Set in a future where robots called Pilgrims were created to aid the human population after solar flares irradiated the Earth and killed 99% of the population. The Pilgrims were created with two Protocols in mind, not to harm any human and not to modify any robot. As the film progresses Jacq becomes involved in something large as he realises the Pilgrims have become sentient and someone is overriding their protocols.

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With a small cast of known actors they do a great job of immersing you into the futuristic world. However, what lets them down is the poor characterisation. An example of this is McDermott’s character, Wallace who carries a prejudice against Pilgrims going as far as shooting innocent Pilgrims every chance he can. Why does Wallace have this prejudice? The film never explains it and one is left to wander after the ending.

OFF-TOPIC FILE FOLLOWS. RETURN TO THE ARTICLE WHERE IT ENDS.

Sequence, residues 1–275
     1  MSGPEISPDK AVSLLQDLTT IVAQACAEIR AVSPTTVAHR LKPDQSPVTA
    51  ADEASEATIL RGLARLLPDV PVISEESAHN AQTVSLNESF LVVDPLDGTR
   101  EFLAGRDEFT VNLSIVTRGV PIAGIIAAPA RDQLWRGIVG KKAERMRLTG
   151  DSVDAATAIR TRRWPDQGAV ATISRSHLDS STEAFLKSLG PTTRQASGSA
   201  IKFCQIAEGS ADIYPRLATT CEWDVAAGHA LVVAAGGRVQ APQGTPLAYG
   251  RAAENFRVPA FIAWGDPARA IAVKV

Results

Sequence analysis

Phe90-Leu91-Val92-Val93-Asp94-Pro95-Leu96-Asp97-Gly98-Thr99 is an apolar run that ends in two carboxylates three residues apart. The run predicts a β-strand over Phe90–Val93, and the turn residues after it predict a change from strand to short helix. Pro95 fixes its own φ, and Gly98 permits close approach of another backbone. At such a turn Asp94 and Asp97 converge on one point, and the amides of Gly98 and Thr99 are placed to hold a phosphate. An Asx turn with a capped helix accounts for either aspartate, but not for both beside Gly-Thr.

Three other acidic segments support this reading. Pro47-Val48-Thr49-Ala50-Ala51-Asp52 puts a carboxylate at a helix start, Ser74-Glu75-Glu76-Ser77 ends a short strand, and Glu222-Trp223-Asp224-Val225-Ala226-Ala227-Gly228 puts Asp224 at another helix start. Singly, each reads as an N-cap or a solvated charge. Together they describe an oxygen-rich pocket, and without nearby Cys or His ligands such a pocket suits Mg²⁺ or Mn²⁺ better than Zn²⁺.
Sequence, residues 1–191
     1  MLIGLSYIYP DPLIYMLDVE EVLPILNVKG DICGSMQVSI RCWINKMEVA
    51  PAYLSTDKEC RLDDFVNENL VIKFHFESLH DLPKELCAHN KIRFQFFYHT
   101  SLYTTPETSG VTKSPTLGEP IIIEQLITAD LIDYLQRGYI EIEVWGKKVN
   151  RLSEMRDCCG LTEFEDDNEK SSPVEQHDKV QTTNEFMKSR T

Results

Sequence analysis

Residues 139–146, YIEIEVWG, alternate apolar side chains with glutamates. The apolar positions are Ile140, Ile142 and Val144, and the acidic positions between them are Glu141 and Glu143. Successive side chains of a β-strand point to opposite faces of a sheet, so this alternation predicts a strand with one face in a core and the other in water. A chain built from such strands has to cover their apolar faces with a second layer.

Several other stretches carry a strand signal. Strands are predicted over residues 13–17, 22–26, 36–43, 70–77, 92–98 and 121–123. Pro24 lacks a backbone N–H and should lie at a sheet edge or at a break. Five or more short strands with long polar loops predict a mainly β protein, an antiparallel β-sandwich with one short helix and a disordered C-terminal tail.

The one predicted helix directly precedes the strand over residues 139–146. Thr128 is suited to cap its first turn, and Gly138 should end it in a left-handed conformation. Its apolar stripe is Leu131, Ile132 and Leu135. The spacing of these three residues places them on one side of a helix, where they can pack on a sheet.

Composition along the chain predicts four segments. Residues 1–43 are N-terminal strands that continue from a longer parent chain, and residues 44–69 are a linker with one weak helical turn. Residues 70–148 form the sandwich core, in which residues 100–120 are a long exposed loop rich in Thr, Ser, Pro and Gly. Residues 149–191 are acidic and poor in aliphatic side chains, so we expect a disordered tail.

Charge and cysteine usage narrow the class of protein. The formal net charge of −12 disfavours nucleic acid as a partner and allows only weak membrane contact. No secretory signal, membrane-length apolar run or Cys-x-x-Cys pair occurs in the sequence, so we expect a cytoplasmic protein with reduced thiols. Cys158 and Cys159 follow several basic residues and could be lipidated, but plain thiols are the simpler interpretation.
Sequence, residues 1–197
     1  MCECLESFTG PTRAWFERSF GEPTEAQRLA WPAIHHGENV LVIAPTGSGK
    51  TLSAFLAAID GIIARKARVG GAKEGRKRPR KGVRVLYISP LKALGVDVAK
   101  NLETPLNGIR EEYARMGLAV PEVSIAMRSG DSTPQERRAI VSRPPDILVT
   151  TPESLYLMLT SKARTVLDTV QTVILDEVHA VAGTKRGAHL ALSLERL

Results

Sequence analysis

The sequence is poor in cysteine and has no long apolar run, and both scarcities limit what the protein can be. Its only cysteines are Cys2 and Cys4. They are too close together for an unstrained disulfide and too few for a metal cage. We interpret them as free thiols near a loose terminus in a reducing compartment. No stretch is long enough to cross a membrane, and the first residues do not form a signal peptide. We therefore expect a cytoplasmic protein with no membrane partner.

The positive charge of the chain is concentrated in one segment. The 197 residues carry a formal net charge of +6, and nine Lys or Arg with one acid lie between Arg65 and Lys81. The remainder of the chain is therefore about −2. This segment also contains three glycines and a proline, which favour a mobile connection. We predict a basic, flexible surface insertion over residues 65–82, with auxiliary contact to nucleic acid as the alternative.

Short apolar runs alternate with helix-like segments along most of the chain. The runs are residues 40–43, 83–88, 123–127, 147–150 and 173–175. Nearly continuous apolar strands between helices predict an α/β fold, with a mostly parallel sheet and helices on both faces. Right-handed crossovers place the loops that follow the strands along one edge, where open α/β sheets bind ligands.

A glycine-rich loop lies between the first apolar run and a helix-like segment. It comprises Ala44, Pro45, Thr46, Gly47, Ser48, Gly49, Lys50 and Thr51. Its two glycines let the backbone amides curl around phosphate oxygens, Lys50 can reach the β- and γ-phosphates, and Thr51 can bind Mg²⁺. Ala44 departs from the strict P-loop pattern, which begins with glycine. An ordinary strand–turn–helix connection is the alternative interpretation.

The CGI and special effects worked within the film. The radioactive desert, which plays a prominent role in the film, looks dangerous but also wonderfully done. The robots were the best part of the film. As the film is set in a world where society has regressed and there is a lack of technology, the robots look as they should. There’s an amateur way the Pilgrims move giving the audience the impression that they were cheaply made but in the films context, it works.

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While the plot felt dry, and during the middle segment it felt directionless, it hits a small peak at the end as the audience realises why the Pilgrims were becoming sentient and what their goal was. The audience is left to interpret what happened at the end of the film as it lacks a clear ending.

All in all, Automata isn’t a bad film. It’s easily watchable if you’re craving a dystopian science fiction film with a nod to Blade Runner.